Threat advisory: High - High risk of entertaining activities
Hip criminals, crooked politicians and hard-boiled cops entangled in a web of deceit.
Coco Chavez (Carla Gugino) and her lover, Junior Armstrong (Simon Baker), who has made a living by running sex scams at hotels, decide to enter the big time by kidnapping computer company owner Ben Dyson (Greg Wise) and demanding $4 million ransom. The two hire tech-wizard Lizard Browning (Gil Bellows) and Ruben Rubenbauer (Til Schweiger), a muscle man who amuses himself by playing Russian roulette. Things go awry during the kidnapping when a neighbour is killed, who turns out to be the wife of powerful Senator Rupert Hornbeck (Hal Holbrook). As things develop, it turns out that the murder may not have been as accidental as it originally appeared. Slowly things unveil to not to be everything that was originally thought.
Theatrical propaganda posters
Target demographic movie keyword propaganda
- Film New Orleans police crime crooked kidnap murder
Persons of interest
- Carla Gugino .... Coco Chavez
- Simon Baker .... Junior Armstrong
- Emma Thompson .... FBI Agent Sadie Hawkins
- Alan Rickman .... Detective David Friedman
- Gil Bellows .... Lizard Browning
- Til Schweiger .... Ruben Rubenbauer
- Hal Holbrook .... Senator Rupert Hornbeck
- Philip Baker Hall .... Pobby Malavero
- Joey Slotnick .... Walters
- Greg Wise .... Ben Dyson
- Lisa Eichhorn .... Mary-Ellen Floyd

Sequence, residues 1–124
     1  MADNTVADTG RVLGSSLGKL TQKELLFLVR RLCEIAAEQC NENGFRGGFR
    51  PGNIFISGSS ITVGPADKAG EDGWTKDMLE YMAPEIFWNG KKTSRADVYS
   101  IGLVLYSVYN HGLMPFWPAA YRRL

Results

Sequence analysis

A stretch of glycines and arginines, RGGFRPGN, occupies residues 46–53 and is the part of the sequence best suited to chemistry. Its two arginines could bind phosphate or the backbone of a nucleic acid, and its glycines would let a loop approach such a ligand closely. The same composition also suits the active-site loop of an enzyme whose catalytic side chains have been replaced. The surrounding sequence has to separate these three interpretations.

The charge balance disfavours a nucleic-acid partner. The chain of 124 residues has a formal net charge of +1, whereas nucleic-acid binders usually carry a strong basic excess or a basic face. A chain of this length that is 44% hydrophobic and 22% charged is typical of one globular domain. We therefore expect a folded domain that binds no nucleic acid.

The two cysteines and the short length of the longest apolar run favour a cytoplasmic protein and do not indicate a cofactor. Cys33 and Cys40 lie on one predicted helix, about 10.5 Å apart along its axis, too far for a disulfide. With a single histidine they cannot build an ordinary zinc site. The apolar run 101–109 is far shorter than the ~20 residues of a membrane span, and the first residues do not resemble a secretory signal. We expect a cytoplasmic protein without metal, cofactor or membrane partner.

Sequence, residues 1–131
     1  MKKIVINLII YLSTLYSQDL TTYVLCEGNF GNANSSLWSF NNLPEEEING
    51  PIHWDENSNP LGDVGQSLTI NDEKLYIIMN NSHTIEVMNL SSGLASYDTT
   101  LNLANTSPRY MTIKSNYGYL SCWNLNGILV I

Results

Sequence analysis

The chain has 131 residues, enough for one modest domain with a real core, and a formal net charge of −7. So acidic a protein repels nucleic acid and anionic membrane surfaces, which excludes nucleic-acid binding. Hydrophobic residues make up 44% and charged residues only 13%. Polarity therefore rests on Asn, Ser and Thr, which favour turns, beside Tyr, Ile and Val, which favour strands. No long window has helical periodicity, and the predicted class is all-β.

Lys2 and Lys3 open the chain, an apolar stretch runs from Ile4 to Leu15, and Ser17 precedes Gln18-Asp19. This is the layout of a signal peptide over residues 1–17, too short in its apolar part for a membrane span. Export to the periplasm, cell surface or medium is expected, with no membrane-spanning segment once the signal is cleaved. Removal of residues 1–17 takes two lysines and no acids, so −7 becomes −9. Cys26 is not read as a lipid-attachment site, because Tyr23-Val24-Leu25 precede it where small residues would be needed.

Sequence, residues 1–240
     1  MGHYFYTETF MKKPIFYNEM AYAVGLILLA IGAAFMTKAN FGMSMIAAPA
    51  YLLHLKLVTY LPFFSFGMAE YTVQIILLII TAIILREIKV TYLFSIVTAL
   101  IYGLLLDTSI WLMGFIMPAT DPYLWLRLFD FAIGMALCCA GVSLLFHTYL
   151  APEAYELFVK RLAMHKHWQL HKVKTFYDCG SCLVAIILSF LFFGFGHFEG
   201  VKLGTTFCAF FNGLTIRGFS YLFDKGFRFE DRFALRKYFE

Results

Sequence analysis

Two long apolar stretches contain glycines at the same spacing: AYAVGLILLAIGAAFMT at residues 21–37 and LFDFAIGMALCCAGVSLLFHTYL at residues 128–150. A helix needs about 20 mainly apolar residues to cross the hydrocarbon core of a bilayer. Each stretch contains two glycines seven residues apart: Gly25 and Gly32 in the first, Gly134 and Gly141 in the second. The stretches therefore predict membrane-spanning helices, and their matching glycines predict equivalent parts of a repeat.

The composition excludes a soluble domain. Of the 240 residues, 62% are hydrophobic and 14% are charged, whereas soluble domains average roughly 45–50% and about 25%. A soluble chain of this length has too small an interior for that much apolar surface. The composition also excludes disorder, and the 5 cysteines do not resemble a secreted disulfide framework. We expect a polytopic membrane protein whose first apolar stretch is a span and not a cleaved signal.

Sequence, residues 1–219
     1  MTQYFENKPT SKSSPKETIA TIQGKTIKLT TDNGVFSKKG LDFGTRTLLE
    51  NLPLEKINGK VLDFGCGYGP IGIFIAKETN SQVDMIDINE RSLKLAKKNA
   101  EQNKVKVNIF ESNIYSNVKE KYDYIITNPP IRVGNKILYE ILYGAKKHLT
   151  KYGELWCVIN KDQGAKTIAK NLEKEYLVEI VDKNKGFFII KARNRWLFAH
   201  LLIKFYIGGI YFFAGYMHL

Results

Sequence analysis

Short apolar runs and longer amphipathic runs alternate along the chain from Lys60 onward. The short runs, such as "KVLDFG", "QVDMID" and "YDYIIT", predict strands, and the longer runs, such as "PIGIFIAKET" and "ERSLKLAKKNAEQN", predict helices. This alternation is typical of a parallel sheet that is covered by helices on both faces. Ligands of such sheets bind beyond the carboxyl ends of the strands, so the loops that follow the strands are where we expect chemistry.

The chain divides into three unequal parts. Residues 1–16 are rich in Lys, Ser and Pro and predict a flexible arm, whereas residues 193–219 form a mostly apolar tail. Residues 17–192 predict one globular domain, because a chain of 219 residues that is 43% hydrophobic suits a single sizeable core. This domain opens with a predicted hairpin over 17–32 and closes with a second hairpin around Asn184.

- Roscoe Lee Browne .... Chief Bleeker
- Tom Hodges .... Jake
- Bobby Hosea .... Rickles
- Jack Conley .... Detective Matty Grimes
- William Lucking .... Wally
- Googy Gress .... Sal
- Beverly Penberthy .... Patty Hornbeck
- Deanna Fuller .... Screenwriter
- Sebastian Gutierrez .... Storywriter
- Sebastian Gutierrez .... Screenwriter
- Sebastian Gutierrez .... Director
Cinematic intelligence sources
- Awards and film festivals:
- Studios and distributors:
Special Agent Matti
Another words, it's another drama/comedy about a bunch of low-life (faux) New Orleans crims battling entropy. On that level, it's hot, sweaty and sleazy as Coco and Junior get horizontal (and vertical and diagonal) while pulling off a no-canlose kidnapping. That part of it's pretty good: twisty, turny, in-bred and insane.
But Judas kiss is also a detective flick about a local policeman and an FBI agent bonding over a kidnapping pulled off by a bunch of low-life....
But it's also a piss-take of the whole genre, itself included, with the cops bonding because of their mutual loathing and conversations held entirely in cliché.
Alan Rickman and Emma Thompson are a kak as they mosey through the case, fake accents and all. Til Schweiger provides a real accent and the most hilarious and over the top baddie since Brad Pitt hit Kalifornia, except that Til is a lot better looking. Simon Baker and Carla Gugino are the white-bread crims that manages to lead every minor gang, probably because of their wholesome family goodness. Hmmm... enough said.
The trouble with Judas kiss is that it's neither left enough to be truly indie nor central enough to be truly mainstream. Its commercial success is thereby limited because no-one knows what to make of it. Except for me, of course. I know what to make of everything.
Judas kiss is the kind of film you'll enjoy if you see it, preferably with an intimate friend. If your mates ask you whether to stay home and see it you'll say 'Yeah, sure", but you won't recommend it over Mission: Impossible 2 or Gladiator. You also won't be missing any mighty revelations or cultural icons. Still, it's good value for money whichever way you go.
Security censorship classification
MA 15+ (Medium level violence, medium level sex scene)
94 minutes (1:34 hours)
Not for public release in Australia before date
VHS rental: 14 March 2000